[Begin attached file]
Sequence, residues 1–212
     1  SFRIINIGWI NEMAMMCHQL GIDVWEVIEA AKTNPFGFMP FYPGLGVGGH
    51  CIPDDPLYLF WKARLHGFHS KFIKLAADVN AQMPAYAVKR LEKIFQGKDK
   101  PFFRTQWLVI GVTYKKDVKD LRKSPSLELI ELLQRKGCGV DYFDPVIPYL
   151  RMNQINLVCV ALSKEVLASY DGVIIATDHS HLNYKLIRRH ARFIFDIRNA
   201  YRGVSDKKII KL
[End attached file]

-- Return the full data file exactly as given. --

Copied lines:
Sequence, residues 1–212
     1  SFRIINIGWI NEMAMMCHQL GIDVWEVIEA AKTNPFGFMP FYPGLGVGGH
    51  CIPDDPLYLF WKARLHGFHS KFIKLAADVN AQMPAYAVKR LEKIFQGKDK
   101  PFFRTQWLVI GVTYKKDVKD LRKSPSLELI ELLQRKGCGV DYFDPVIPYL
   151  RMNQINLVCV ALSKEVLASY DGVIIATDHS HLNYKLIRRH ARFIFDIRNA
   201  YRGVSDKKII KL